Vision: It's a verb!
For decades, leaders have been advised to generate missions and visions as a way to focus and drive organizations into the future. Countless workshops and books outline the "how-tos" associated with arriving at those just-right words that will galvanize teams and deliver results.
Increasingly, however, many leaders are wondering if this vision writing exercise is still a valuable use of limited time and effort or a vestige of a more stable and predictable past. To them, I would recommend a quick review of fifth-grade English and the parts of speech. And, I would ask, ”Is vision a noun or a verb to you?”
Noun or verb
What often gets in the way of vision being a tool for guiding others toward the future is its treatment as a noun — a thing. Frequently, leaders create a vision, crossing it off their lists like too many other "one-and-done" activities. The words are printed on posters or mugs and that’s the end of the discussion, except perhaps for a little lip service. And, as a result, the vision offers little value to individuals or the organization.
But leaders who use vision as a verb see very different results. Verbs are action words, and when vision becomes a vibrant, living activity, tremendous benefits are possible. Visioning can:
- Facilitate greater alignment throughout levels of the organization
- Focus attention on what’s most important given the plethora of competing priorities facing most employees
- Guide independent decision making (which becomes increasingly important as typical spans of control increase)
- Create an emotional connection with the organization that supports enhanced engagement and retention.
Neuroscience of Vision
Advances in neuroscience shed new light on how and why vision (the verb) can be an important tool for organizations and for individuals. Evolving research offers insights for leaders who want to leverage the value of vision.
The visual nature of the brain responds to images. Painting a vivid picture of the future – and painting individuals into that picture – creates a powerful target in people’s minds.
According to Dustin Wax in "The Science of Setting Goals," setting that vision or goal “invests ourselves into the target as if we’d already accomplished it” because “a part of our brain believes that desired outcome is an essential part of who we are — setting up the conditions that drive us to work towards the goals to fulfill the brain’s self-image.”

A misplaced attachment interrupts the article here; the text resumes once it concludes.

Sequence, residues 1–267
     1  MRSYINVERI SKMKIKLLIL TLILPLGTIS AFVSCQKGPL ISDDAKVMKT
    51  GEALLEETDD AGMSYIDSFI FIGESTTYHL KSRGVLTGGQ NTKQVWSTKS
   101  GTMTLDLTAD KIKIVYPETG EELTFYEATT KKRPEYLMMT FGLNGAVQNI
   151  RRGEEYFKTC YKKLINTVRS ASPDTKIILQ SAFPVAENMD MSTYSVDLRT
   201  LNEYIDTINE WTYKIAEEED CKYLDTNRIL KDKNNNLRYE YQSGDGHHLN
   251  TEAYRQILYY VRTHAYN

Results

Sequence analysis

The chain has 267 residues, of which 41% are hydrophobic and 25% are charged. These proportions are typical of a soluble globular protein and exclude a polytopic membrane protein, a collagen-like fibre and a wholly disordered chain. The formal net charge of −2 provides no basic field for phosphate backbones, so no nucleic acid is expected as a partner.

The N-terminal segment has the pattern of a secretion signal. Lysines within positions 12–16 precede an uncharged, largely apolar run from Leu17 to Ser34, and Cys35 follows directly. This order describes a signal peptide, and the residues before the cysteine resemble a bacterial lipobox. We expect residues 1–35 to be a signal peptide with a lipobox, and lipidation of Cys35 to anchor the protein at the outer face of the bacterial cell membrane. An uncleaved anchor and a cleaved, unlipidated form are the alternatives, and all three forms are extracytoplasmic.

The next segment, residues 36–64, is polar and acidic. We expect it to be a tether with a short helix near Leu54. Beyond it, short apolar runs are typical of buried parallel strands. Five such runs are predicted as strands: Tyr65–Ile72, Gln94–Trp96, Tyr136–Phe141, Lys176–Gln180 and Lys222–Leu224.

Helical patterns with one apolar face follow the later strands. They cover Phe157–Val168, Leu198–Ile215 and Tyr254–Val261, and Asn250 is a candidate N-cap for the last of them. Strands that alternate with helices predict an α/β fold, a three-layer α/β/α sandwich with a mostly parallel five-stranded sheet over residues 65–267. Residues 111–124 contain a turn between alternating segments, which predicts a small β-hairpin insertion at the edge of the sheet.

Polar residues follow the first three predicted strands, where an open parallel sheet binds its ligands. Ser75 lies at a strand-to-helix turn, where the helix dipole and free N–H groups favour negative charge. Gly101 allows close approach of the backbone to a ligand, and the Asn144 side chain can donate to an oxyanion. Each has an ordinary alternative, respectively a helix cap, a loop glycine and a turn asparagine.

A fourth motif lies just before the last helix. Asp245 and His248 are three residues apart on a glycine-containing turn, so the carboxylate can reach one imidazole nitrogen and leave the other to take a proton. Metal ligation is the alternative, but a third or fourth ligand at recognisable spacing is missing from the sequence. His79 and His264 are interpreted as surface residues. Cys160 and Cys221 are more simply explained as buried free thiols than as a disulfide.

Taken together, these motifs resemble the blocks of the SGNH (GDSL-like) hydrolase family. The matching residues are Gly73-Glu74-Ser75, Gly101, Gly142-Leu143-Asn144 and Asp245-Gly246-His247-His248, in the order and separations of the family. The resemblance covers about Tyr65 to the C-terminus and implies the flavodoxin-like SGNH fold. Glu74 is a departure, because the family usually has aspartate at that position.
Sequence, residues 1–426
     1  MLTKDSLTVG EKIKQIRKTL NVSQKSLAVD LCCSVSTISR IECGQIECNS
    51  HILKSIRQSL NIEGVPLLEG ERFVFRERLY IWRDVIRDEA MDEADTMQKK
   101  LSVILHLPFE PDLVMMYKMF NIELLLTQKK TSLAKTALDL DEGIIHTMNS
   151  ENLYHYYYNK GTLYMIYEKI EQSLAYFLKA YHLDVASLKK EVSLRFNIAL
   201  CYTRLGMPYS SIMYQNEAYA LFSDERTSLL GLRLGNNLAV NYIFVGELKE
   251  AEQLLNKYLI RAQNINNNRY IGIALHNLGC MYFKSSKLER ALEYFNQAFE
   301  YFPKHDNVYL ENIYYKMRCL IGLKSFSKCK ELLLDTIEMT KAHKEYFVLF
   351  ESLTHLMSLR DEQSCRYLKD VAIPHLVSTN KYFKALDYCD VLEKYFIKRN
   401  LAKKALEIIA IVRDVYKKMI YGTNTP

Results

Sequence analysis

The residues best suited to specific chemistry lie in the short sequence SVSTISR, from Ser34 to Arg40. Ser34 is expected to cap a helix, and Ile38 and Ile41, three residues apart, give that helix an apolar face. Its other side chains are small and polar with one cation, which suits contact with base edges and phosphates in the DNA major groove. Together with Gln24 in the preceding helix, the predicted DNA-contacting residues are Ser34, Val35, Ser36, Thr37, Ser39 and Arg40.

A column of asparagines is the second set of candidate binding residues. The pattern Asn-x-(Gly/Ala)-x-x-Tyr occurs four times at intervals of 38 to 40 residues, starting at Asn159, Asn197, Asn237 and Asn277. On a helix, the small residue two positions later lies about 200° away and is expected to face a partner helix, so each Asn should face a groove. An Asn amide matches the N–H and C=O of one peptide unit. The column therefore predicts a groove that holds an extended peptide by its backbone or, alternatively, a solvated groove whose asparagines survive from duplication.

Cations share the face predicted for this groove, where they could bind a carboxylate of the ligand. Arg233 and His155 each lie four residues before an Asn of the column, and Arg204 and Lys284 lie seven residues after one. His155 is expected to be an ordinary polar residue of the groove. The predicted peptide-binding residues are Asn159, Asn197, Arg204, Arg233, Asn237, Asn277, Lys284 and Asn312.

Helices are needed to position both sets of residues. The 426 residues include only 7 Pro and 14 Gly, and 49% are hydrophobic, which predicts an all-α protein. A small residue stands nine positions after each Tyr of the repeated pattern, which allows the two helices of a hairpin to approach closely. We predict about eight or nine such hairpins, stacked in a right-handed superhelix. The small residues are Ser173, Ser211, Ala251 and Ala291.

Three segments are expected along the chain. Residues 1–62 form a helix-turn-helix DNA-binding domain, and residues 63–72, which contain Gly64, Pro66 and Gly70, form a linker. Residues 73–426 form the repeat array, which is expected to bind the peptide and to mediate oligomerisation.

Simply engaging others in visioning creates a subtle internal dynamic that prompts them unconsciously to bridge the gap between what is and what can be.
Visioning in its verb form is a team sport, an activity that involves the active participation and engagement of everyone involved. Commitment to an inclusive vision ensures the level of buy-in and ownership required to sustain the necessary attention and effort. Co-creating a picture of the future also deepens connections (to both the vision itself and co-workers), which enables groups to more effectively address the obstacles and setbacks that will inevitably arise.
Verb-ful (versus verbal) visions also share several other characteristics. They tap into something emotional — going beyond the head to speak to the heart. They’re inspirational while at the same time specific enough to offer a clear and compelling picture of the future.
Finally, consistent with the verb-based nature of the word, the most effective visions are actionable; they invite steps forward and facilitate momentum in a prescribed direction.
But co-creating the vision is just the beginning. For visions to be useful tools, they can’t be relegated to posters and badge cards. They must become a living and breathing part of day-to-day work and interactions. Leaders can make this happen in a variety of ways:
- Storytelling. Keep people connected to what matters most with stories from customers, colleagues and beyond. Reinforce or expand employees’ thinking with anecdotes that inspire and inform their sense of vision.
- Acknowledge progress. Take a look at "Your Brain on Dopamine: The Science of Motivation."
- Walk the talk. Demonstrate your own commitment to the vision by working each day in service of it. Let others know how your priorities and choices reinforce the future you’ve jointly outlined.
- Talk the talk. Ongoing conversation about the vision is in large part what keeps it relevant and evolving. Rather than treating it like something sacred and cast in concrete, let others know that the vision is an iterative work in progress. Revisit it frequently, allowing it to morph as conditions change.
Organizations today need vision as much as they ever did — maybe more. But it’s an active, responsive, collaborative vision — something leaders and employees do rather than something they have. And when we view it as a verb, we’ll begin to see the vast value the vision can deliver.
Julie Winkle Giulioni is the author of “Help Them Grow or Watch Them Go: Career Conversations Employees Want,” with Bev Kaye. Giulioni has spent the past 25 years improving performance through learning. She consults with organizations to develop and deploy innovative instructional designs and training worldwide. You can learn more about her consulting, speaking and blog atJulieWinkleGiulioni.com.